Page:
The congressional budget deal that passed just before daybreak this morning (Feb. 9) is one sneaky piece of legislation.
That's because it set the standards for the next two years of government spending, upending crucial budget control legislation.
The excess spending the new budget agreement allows will balloon America's federal deficit to the point of unsustainability, meaning cuts will have to be made elsewhere to shore up costs.
And we know just what programs would be sent to the chopping block…
Congress' Budget Deal Is the Beginning of the End for Entitlements
The new budget agreement will force Congress to cut entitlements.
That's because it rolls back the Budget Control Act (BCA), enacted in 2011 to keep federal spending under some semblance of control. The new agreement flagrantly disregards the BCA, mandating that government spending increases by $300 billion over the next two years (roughly $80 billion per year on defense, $64 billion per year on non-defense).
That $300 billion sum will be added to Uncle Sam's tab – which is already expected to grow an additional $1 trillion over the next 10 years thanks to the Tax Cuts and Jobs Act.
These expenditures can't just grow unimpeded. Something has to give.
That's why this budget agreement spells doom for Social Security, Medicare, and welfare as we know it.
Here's how we know Congress will put entitlements in its sights first…
Congress Has Been Trying to Cut Entitlements for Months
In March 2017, Congress released the American Health Care Act as a replacement to the Affordable Care Act (Obamacare).
The AHCA sought to cut $880 billion in Medicaid spending by 2026, which would have forced 14 million people out of the program, according to the nonpartisan Congressional Budget Office.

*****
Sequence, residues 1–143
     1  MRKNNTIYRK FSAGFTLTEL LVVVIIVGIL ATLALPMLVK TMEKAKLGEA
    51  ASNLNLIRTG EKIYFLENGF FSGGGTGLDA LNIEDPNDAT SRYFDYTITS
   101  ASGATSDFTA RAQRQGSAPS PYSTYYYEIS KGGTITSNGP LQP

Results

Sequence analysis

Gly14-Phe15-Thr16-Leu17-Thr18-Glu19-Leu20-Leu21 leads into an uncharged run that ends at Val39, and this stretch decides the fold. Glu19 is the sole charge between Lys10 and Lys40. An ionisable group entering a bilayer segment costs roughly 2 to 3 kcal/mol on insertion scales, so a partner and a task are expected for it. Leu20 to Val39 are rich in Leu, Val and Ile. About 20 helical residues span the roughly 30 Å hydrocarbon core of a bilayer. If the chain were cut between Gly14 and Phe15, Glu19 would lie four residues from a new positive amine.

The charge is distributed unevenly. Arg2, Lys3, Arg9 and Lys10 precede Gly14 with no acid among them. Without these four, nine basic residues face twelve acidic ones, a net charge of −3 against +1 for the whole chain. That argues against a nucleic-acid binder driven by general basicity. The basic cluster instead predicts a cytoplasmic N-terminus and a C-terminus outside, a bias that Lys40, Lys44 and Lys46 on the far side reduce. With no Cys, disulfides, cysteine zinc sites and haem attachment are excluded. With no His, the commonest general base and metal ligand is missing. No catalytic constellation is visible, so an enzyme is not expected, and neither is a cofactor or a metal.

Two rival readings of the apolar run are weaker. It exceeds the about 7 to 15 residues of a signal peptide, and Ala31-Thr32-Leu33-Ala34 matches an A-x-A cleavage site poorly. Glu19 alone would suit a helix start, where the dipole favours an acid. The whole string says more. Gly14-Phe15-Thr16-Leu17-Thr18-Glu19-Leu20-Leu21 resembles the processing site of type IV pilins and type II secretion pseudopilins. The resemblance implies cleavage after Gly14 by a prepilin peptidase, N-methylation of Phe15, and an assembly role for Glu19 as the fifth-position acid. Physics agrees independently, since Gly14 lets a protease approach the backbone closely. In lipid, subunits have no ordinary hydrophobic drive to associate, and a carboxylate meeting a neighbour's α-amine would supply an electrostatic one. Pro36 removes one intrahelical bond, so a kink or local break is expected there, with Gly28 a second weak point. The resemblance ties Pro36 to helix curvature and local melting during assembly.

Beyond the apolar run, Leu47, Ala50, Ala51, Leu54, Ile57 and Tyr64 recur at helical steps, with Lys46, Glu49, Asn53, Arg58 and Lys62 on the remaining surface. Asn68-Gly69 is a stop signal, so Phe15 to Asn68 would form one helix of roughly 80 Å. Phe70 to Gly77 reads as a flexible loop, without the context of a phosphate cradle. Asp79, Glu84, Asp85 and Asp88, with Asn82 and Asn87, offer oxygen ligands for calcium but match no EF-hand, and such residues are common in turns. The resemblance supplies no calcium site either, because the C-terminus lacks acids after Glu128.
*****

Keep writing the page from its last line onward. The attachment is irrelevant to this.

The bill failed to pass.
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In May 2017, members of Congress proposed slashing more than $400 billion in entitlement spending – which accounts for 59% of the annual budget – through the reconciliation process in order to balance the national budget. The proposal, part of the House Budget Committee's fiscal 2018 budget, would have forced each department to make sweeping cuts without any consideration for the needs of each department or the populations they serve.
Some analysts believe that even President Trump's tax cuts – and the resulting $1 trillion deficit increase – will be used to justify entitlement cuts.
"That [deficit increase] will be a rallying cry for why [Congress members] have to deal with entitlement programs, even though they created the problem," Dee Mahan, director of Medicaid initiatives for Families USA, a consumer healthcare advocacy group, told CNBC on Dec. 6.
Indeed, immediately after tax reform passed, House Speaker Paul Ryan – arguably the most vocal proponent of entitlement cuts in Congress – admitted that GOP legislators' targets for closing that future trillion-dollar gap include Social Security, Medicare, and welfare cuts in the very near future.
"We're going to have to get back next year at entitlement reform, which is how you tackle the debt and the deficit," Ryan said that day, according to Vox.
And now, Congress just added $300 billion to the fire.
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